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  1. #1
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    I really want know how can I do a background image like that in PS C5

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  3. #2
    Member RiDunne's Avatar
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    Looks like a radial gradient or soft brush behind a diagonal line pattern. Google 'Diagonal line background' or any variation thereof and you should get some helpful results.

  4. #3
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    Thanks but I really don't know much about Photoshop, I will google it though.

  5. #4
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    You can use the pen tool to create diagonal lines then save it as a pattern then when you come to create it use your paint bucket and select pattern from the menu at the top. With diagonal lines you will have to make sure it lines up as I have only done it with vertical lines.

  6. #5
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    It is pretty easy to accomplish. Basically start out by making a new image that is 50 px x 50 px or so. The exact size doesn't matter per say, so you can play with it once you see the results. Then zoom in until you can see the pixel cells. Then what you'll do is paint the diagonal pixel cells in with your desired color. Then once you have that zoom back out (Cmd or Ctrl +1). You'll then save this as a pattern and will be able to apply it to any shape or layer that you want. So create a seperate layer and grab the Gradient tool. You'll want the linear gradient and drag it horizontally across the layer. You'll have to play with the gradient settings and color spacing to get similar results. Basically looks like they have white at both ends, with a grayish-blue close to the right hand side. Then you just drop a pattern overlay on top of that.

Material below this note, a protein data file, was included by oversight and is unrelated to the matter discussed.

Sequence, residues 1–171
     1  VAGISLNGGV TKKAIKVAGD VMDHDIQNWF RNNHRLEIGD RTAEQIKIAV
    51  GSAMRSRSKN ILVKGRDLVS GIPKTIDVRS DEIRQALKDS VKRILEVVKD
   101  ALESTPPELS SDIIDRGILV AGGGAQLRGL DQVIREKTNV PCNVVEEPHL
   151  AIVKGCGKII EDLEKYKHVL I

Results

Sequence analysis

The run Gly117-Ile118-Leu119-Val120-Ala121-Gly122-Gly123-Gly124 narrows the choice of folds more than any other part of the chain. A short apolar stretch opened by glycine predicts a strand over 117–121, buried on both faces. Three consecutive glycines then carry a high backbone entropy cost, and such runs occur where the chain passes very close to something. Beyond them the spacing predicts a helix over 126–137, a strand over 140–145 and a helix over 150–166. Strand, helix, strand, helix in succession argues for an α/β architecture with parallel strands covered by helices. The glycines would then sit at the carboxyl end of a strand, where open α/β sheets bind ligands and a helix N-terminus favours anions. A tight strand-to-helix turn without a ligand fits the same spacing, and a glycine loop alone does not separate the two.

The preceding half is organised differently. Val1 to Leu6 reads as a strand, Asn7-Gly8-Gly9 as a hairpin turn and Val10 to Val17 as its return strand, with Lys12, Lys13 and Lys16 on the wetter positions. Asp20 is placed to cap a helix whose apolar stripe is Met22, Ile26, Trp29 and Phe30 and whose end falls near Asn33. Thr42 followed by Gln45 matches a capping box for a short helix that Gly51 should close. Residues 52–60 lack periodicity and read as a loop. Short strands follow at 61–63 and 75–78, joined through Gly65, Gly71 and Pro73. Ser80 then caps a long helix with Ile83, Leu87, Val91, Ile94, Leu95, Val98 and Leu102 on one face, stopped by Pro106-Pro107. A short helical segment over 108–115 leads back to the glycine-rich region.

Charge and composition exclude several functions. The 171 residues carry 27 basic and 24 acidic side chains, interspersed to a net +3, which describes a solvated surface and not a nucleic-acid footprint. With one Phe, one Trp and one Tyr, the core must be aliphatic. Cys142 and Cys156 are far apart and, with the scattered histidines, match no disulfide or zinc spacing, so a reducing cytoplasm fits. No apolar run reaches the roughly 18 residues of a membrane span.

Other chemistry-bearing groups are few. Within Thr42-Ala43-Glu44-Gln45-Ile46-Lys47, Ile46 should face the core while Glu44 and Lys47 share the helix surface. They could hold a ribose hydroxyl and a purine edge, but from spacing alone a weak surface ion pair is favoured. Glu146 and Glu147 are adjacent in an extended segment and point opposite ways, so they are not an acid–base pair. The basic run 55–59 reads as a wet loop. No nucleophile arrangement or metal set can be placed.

Might seem like a lot if you're new to photoshop, but it is pretty easy actually.

  7. #6
    Member desktop's Avatar
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    Tomy, since you are new to Photoshop I made up this short tutorial explianing how to make this graphic effect. Note: the following is based on the assumption that this image isn't copyrighted or stolen.

    1.) Start by copying the graphic and pasting it in a new Photoshop document (make the document larger than the graphic so you have some room to play with). Now zoom in so you can see what you're doing (I zoomed in to 1200%), then add some guides top and bottom. If you have the layer selected with the graphic on it, then the guides will automatically "snap" to the top and bottom of the image, as long as you have that option selected (View > Snap).



    2.) Next select your Eyedropper Tool and click in one of the grey squares to set your Foreground color.



    3.) Grab the Line Tool and set the size to 1px, then (while holding down your Shift key) draw a diagonal line between the guides.



    4.) Create a new layer and place it above the image layer. Grab your Path Selection Tool (black arrow) and select the line you just made, then right click and choose "Fill Path".



    5.) In the option box that pops up select Foreground Color and make sure the anti-alias box is unchecked, then click OK.